Stop

Your very first step when attempting any question is to Stop: Don’t fully read the question or answers choices but instead triage, analyzing the question’s subject matter, length, and difficulty to determine if you should tackle it immediately, later, or not at all. For most questions, you will also use this opportunity to characterize the answer choices (e.g., as vocabulary terms, sentences, equations, numbers with units, graphs, etc.).

The Stop step allows you to make the most of the limited amount of time you have available. Determining each question’s general characteristics before tackling it also allows you to get in the right mindset for that question. If you know you will need to calculate a specific value, you may list the variables you see on your noteboard as you read the question stem; if you know the answer will instead be a graph, you may sketch a quick plot of the variables instead of listing them.

Think

Once you’ve characterized the question stem and answer choices and decided to tackle a problem, the next step is to actually read the question stem—but still don’t read the answer choices yet. Don’t just read passively; instead, paraphrase as you read so you can determine what the question is actually stating. Establish what the test makers are asking for as specifically as possible (e.g., velocity on the x-axis in meters per second) while being careful to note any negative words such as not, except, or false. You won’t be able to answer the question correctly if you misunderstand what the question is asking you to do.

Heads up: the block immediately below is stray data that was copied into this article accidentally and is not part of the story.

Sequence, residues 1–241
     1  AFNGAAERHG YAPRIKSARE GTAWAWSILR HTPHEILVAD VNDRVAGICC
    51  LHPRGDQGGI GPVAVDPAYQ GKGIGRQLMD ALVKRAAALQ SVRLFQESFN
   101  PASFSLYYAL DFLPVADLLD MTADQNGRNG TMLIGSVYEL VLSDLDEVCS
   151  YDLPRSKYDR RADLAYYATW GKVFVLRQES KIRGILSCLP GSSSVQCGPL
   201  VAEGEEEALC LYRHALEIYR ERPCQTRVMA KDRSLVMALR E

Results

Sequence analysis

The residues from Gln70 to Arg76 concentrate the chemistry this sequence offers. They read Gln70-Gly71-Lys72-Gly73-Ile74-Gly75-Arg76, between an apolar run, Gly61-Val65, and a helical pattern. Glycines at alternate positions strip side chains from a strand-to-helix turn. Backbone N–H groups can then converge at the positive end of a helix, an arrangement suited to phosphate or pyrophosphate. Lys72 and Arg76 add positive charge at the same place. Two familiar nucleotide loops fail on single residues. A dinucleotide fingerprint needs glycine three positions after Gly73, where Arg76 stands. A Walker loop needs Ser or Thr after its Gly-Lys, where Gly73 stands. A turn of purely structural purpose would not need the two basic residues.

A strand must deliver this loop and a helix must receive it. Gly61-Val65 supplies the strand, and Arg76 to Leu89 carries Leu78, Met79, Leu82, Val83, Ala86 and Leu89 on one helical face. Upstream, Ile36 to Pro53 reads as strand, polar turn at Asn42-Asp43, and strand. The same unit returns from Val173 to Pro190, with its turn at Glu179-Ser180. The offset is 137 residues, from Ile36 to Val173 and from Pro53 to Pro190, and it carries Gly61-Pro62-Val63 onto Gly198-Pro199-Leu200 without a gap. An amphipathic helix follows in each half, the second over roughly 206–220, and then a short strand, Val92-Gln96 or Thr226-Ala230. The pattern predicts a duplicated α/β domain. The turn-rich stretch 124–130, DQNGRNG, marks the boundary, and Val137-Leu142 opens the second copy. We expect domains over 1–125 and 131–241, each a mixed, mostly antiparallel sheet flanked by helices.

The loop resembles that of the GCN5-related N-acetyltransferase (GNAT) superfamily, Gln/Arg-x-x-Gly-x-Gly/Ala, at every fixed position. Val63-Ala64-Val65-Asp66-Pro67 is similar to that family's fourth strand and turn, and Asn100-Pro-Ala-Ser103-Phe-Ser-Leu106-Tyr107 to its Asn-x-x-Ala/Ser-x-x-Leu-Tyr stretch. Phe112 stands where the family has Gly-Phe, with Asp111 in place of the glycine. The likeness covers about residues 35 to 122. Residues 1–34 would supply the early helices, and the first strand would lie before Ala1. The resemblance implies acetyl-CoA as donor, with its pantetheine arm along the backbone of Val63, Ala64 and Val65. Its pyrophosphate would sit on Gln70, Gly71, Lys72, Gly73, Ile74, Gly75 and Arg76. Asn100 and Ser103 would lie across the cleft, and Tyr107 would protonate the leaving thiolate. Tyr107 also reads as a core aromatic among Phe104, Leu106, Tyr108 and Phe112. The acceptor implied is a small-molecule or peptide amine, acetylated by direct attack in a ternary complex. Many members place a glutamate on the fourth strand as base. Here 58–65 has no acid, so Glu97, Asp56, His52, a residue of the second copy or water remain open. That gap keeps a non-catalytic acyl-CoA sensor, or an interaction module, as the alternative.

As part of this process, pay close attention to any information from the question stem or passage (when present) that will be helpful for answering the question, taking notes as necessary. Also add any outside knowledge from your studies that can be used to formulate an answer. By calmly gathering all of the resources you need to answer each question in advance, you’ll prevent rushing through the question, potentially leading to additional work that is not needed, missing an important keyword, or otherwise accidentally not answering the question at hand.

Predict